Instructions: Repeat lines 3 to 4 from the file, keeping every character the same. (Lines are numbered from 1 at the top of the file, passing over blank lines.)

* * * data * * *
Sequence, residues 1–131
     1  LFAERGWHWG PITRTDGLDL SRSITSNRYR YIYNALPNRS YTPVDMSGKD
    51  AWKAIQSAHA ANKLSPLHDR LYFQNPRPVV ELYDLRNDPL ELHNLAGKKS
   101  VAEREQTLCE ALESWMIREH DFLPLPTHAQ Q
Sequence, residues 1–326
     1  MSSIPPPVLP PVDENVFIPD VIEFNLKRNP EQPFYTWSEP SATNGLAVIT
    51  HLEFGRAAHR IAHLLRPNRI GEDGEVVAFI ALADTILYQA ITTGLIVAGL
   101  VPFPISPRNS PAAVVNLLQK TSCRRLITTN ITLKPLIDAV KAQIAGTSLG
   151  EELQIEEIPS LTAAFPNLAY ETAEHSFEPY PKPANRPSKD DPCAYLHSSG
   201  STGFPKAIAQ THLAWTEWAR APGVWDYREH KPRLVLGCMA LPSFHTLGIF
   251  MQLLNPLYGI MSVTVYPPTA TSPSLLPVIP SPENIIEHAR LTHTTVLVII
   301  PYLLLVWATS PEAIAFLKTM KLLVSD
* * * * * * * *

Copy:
    51  AWKAIQSAHA ANKLSPLHDR LYFQNPRPVV ELYDLRNDPL ELHNLAGKKS
   101  VAEREQTLCE ALESWMIREH DFLPLPTHAQ Q